Saturday, July 08, 2006

The comment culture - an unlikely antidote to a foggy media

Commenting on an article which is provocative by UK standards in the Telegraph, we find some interesting comments between the invasion of the drive-by shooters.

“Isn't American hatred the barely disguised hatred of an ideal, namely capitalism? The left loathe the triumph of this ideology over their own bankrupt collectivism.

This is what they will never forgive America: for embodying an ideal that has trumped their own impoverished, failed and delinquent creed.”
“The critics of US policy are a funny, mixed-up bunch. One minute they say, "focus on the present, not on the past", and the next they say, "what about Granada, Somalia, Vietnam?"

One minute they say, "America is a bully", and the next they say, "why didn't you do anything about the dictatorships in Africa?"

One minute they say, "Bush is a simpleton", and the next they say, "Bush is the greatest criminal mastermind the world has ever seen!"

The hate directed at the US is quite clearly a re-direction of the self-hatred that most Europeans feel for themselves and their neighbours.

Our politicians stand for nothing, so we hate the American politicians who have a vision.

Our armed forces are pitiful, so we hate the most powerful armed force on the planet.

Our global cultural significance is in continual decline, so we hate a culture on the ascendance.

Our economies are stagnant, so we hate the fast-growing wealth of America, and blame "big business".

Our nations have lost faith in God and in hope and optimism, so we hate America, a land which still believes.

The hatred of America is the single biggest case of lack of self-esteem I have ever encountered. Stop being so pathetically self-centred and self-loathing! Maybe then you'll stop feeling as though you have to blame the nation that is so obviously doing a bit better than you are.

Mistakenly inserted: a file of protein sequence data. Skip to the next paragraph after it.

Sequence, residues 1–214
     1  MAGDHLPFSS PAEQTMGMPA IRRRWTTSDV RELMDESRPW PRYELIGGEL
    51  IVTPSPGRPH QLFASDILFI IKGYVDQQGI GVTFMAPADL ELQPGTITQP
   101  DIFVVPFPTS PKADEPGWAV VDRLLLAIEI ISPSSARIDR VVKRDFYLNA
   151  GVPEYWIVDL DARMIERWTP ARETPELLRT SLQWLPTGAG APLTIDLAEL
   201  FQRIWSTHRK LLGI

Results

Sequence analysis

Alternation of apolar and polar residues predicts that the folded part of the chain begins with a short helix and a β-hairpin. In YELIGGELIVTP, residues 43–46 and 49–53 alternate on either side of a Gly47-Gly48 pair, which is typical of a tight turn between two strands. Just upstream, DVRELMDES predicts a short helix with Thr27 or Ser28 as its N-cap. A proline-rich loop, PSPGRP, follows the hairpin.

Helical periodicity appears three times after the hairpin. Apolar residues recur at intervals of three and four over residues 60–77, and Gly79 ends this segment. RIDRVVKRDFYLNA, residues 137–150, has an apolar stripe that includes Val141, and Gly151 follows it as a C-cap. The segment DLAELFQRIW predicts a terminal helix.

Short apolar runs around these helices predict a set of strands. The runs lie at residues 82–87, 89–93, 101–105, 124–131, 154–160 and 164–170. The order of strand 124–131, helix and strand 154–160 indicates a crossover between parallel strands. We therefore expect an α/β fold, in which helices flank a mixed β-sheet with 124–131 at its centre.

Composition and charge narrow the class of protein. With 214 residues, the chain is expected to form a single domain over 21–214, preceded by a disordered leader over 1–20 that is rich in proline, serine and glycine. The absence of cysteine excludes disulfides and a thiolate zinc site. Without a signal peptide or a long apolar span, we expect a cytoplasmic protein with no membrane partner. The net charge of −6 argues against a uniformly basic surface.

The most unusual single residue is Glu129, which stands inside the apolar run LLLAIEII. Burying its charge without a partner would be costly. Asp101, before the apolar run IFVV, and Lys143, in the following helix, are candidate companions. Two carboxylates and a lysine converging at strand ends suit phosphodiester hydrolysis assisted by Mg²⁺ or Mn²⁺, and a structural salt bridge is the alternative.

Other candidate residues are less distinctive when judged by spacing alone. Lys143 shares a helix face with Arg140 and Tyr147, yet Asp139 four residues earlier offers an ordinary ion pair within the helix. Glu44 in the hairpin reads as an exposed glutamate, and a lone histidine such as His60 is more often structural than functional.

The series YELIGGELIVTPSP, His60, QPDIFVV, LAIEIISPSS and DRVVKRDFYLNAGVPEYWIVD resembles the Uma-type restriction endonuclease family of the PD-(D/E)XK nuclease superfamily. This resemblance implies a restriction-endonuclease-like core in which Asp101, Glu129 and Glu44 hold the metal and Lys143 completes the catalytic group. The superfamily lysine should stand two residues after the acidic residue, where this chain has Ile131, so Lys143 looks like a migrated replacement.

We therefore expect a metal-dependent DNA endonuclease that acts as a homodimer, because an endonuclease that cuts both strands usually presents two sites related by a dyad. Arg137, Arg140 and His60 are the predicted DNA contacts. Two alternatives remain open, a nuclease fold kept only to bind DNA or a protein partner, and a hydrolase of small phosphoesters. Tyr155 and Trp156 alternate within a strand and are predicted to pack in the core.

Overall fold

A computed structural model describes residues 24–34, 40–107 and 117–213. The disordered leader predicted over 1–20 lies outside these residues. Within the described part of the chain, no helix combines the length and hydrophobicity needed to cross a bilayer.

Oh, and by the way, I am solidly British and quite secure, thank you very much.”
Now compare the range of opinion at the Telegraph, often accused of being the poodle of the intolerant fascistic BushChimpyHitlerBurton, with the tender and thoughtful Guardian, where every day is the triumphal May Day march taking pride in the glorious struggle against da man - whoever he may be that day, but always having an American accent:
The truth is the symbiotic relationship between bin Laden and Bush. they need eachother to buttress their own power and relevance: ...According to Suskind’s book, CIA analysts had spent years “parsing each expressed word of the al-Qaeda leader and his deputy, [Ayman] Zawahiri. What they’d learned over nearly a decade is that bin-Laden speaks only for strategic reasons. … “Their [the CIA’s] assessments, at day’s end, are a distillate of the kind of secret, internal conversations that the American public [was] not sanctioned to hear: strategic analysis. Today’s conclusion: bin-Laden’s message was clearly designed to assist the President’s reelection.
even if the president can’t be re-elected – unless you’ve aready convinced yourself that the’s “a dictator”. Lost in the Graun’s endless flow of spittle, the occasional reminder of how they’re talking-talking-talking themselves into an illusion:
I'm trying to remember how many CIF articles are currently about the US. Yet no writer is talking about the US I live in: Outside the Northeast and LA, and not easily written off as redneck land. I live in a small city (about 500K) with a significant immigrant population (mostly Hispanic and Thai). We have our share of flag-wavers (and an oddly named "Patriot's Corner" from which they can wave their flags). About half the people I know vote Republican, and about half Democrat. The local economy is going well, Madame Mayor is well-respected and liked, and you can still get affordable housing on the water.

I suspect that this is closer to the real America than the Guardian columnists know.
I know that they don’t know, judging by this spurious nonsense:
The reason for the difference in mentality is that Europeans rely on a broader range of media to get their news.”
Broad indeed: BBC, The Guardian, Indymedia... You know, the substantive middle ground...

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